REL 440/540 Fall 2016 Final Paper Topics
Final Paper, December 1, due in class
* Double-spaced, 8-11 pages (12-15 for REL540). You may do one of the suggested topics or formulate one of your own. If you wish to do your own topic, then you must submit a one paragraph description by email at least one week prior to the due date. The instructor will review your topic for approval. You may proceed once you have received feedback.
* You are not required to do any outside research for the final paper. However, if you would like to use additional sources, you may do so. I would be happy to recommend some sources if you wish.
* I encourage you to discuss these topics with one another.
* Be sure to write your name, the name of the class, and the title of your topic (The Goddess and Hui-neng, Bodhidharma and Hui-neng ) at the top of the page.
* Please read the essays on my Writing web pages, especially "Four Keys to Writing in the Humanities," "Paper Writing Guidelines," "Checklist for Papers," and "Writing: The Bridge between Consciousness and Unconsciousness."
1. Sudden and Gradual 1. According to the logic of emptiness articulated by most of the texts we have studied, the realization of emptiness is inseparable from the present moment. This is due to emptiness being the true nature of any perceived form. In that sense, the doctrine of sudden awakening advocated by the Platform Sutra may have implicit precedents in earlier Mahayana literature. Discuss the applicability of sudden versus gradual paths to two or three episodes from Mahayana sutras (such as the dialogue between the Goddess and Sariputra from the Vimalakirti Sutra, Queen Vaidehi's awakening to the Pure Land teachings in the Sutra of Contemplation on Amitayus, and Sudhana's journey in the Flower Ornament Scripture). (Suggestion: You might consider the definition of sudden awakening given in Unno's article, "The Nembutsu as the Path of the Sudden Teaching.") What are some of the problems posed by the sudden and gradual elements as presented in these cases?
2. Sudden and Gradual 2. Compare and contrast the view of sudden and gradual awakening as evident in two or all three of the following: the Sixth Patriarch of Zen Hui-neng, Zen master Dogen, the Pure Land figure Shinran. (Suggestion: Dogen incorporates affirmation of delusion as part of his understanding, Shinran incorporates blind passions, and Myoe emphasizes gradual awakening). What are the strengths and weaknesses of each approach to this problem? The main sources for this topic are, respectively, The Platform Sutra of the Sixth Patriarch, "Genjokoan" chapter of Dogen's Shobogenzo, and sources cited in Mark Unno's article, "The Nembutsu as the Path of the Sudden Teaching." You may, of course, go beyond these sources.
3. Gender and Buddhism 1. On the one hand, religious realization of enlightenment is often described in terms of internalizing what are seen as external faults and seeing them within oneself. On the other, various social issues including unequal treatment of women within Buddhist communities may require external changes in those communities. Discuss the relation between inner realization and external social or organizational change based on the findings of two or three scholars. What do these scholars say or imply about this relationship, and what are the strengths and weaknesses of their views?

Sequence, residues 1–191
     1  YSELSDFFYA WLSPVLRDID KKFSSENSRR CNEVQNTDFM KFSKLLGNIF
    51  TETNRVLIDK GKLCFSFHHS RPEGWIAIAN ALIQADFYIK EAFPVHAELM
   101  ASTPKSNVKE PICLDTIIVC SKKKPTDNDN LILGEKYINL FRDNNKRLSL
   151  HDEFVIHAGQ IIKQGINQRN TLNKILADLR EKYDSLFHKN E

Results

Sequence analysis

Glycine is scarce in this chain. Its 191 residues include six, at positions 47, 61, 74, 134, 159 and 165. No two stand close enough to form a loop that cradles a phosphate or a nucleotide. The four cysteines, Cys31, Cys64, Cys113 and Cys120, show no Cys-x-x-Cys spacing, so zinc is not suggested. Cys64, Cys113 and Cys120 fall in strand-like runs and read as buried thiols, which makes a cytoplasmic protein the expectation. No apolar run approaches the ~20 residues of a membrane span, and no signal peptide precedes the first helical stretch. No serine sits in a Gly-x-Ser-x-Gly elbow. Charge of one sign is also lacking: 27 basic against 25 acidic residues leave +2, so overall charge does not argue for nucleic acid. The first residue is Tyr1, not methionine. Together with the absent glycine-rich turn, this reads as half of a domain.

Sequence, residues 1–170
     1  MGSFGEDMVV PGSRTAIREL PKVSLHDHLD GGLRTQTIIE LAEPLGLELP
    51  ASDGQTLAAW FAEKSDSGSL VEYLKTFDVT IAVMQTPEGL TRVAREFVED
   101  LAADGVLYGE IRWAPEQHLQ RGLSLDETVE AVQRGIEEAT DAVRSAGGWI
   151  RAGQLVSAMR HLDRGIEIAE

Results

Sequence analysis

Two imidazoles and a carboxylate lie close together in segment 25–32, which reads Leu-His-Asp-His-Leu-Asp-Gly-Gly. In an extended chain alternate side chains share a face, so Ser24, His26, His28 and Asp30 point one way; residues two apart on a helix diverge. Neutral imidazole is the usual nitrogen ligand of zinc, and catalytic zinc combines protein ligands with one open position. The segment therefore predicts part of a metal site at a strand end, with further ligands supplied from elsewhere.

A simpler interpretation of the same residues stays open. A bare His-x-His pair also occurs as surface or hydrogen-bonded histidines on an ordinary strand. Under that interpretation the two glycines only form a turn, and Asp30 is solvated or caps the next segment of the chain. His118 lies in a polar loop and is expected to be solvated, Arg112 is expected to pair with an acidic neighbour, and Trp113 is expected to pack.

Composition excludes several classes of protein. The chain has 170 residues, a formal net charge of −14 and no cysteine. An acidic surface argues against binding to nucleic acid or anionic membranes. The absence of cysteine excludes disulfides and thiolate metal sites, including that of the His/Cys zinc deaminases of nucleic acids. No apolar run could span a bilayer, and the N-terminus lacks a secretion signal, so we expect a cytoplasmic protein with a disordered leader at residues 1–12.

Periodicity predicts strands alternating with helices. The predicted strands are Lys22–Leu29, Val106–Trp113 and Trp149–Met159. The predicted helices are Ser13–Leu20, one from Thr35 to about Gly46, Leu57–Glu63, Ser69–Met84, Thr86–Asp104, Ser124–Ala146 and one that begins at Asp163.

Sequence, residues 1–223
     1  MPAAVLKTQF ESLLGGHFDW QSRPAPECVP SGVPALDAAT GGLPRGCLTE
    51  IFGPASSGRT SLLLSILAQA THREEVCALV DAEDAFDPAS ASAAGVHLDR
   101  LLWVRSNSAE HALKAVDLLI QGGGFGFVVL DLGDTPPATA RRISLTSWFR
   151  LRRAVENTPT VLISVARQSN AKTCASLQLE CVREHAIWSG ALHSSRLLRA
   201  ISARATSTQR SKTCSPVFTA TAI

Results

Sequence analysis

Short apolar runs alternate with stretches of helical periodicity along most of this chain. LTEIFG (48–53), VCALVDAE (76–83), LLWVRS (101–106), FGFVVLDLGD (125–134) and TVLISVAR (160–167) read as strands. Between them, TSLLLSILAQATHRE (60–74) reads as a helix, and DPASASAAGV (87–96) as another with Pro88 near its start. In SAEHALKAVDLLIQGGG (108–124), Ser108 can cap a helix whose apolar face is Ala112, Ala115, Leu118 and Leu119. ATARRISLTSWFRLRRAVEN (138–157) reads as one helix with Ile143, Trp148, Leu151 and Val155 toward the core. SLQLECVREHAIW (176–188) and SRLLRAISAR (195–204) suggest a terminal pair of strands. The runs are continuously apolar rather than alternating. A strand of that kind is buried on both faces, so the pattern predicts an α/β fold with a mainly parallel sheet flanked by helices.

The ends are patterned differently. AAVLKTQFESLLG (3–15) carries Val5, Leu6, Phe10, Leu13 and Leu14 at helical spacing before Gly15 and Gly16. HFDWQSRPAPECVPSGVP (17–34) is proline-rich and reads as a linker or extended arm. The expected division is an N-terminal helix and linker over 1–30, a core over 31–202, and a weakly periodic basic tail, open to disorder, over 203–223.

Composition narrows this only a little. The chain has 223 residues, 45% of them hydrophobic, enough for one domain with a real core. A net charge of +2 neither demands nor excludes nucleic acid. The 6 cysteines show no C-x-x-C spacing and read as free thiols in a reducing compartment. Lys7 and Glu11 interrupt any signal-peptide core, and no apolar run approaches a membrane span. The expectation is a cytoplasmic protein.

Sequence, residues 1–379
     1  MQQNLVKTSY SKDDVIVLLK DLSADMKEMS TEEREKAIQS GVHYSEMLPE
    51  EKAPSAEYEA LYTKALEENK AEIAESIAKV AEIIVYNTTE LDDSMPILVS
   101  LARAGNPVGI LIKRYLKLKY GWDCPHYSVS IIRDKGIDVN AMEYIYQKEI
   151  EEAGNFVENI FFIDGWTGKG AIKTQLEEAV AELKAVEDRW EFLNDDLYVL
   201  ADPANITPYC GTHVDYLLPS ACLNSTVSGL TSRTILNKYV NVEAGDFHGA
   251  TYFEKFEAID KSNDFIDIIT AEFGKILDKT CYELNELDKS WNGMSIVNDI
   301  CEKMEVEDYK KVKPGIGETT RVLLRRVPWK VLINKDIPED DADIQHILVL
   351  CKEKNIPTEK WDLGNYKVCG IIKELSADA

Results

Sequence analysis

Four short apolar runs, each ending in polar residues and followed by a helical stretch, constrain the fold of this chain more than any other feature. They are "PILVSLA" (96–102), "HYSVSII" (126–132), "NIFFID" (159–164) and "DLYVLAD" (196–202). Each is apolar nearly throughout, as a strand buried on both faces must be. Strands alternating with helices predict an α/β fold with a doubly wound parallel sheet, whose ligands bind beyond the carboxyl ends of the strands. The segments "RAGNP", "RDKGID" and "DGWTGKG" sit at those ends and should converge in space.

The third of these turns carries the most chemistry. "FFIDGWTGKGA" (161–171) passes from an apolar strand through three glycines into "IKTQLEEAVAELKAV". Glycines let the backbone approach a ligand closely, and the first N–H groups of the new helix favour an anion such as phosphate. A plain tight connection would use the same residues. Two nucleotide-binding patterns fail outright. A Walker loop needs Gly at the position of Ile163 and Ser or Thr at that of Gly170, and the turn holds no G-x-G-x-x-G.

4. Gender and Buddhism 2. Take the perspective of the Goddess from The Holy Teaching of Vimalakirti, and have her discuss the view of women and gender presented in several readings throughout the course. These readings may be either primary sources or secondary scholarly literature. The Goddess' views must accurately reflect her philosophy as presented in The Holy Teaching of Vimalakirti.
5. Upaya and illusion. Upaya, or skillful means, carries important implications for the status of "teachings" in Mahayana Buddhism. It implies that there can be no single, fixed, exclusive path to enlightenment; at some level, all teachings are just as illusory as any other form or conventional truth. Nevertheless, some are deemed superior to others. Compare and contrast the discussion of illusion used in the context of upaya in the following three episodes: The exchange of gender in the "Goddess" chapter from The Holy Teaching of Vimalakirti, the parable of the burning house from the Lotus Sutra, and one other source from the readings. What are their strengths and weaknesses, and what problems, if any, do they reveal about the concept of upaya itself.
6. Emptiness and transgression. Emptiness as a critical term is designed to break down dogmatic assumptions and barriers. On the positive or creative side, the realization of emptiness is an all-encompassing oneness. In terms of both its critical and positive functions, emptiness implies that, ultimately, nothing is excluded in Buddhist awareness, and that all phenomena are included. Historically, this has led to the questioning of distinctions of lay and ordained, pure and defiled, male and female, celibate and non-celibate, and so on. Compare and contrast two or more transgressive figures that we have studied and how their transgressive practices and behaviors reflect the dynamic of emptiness.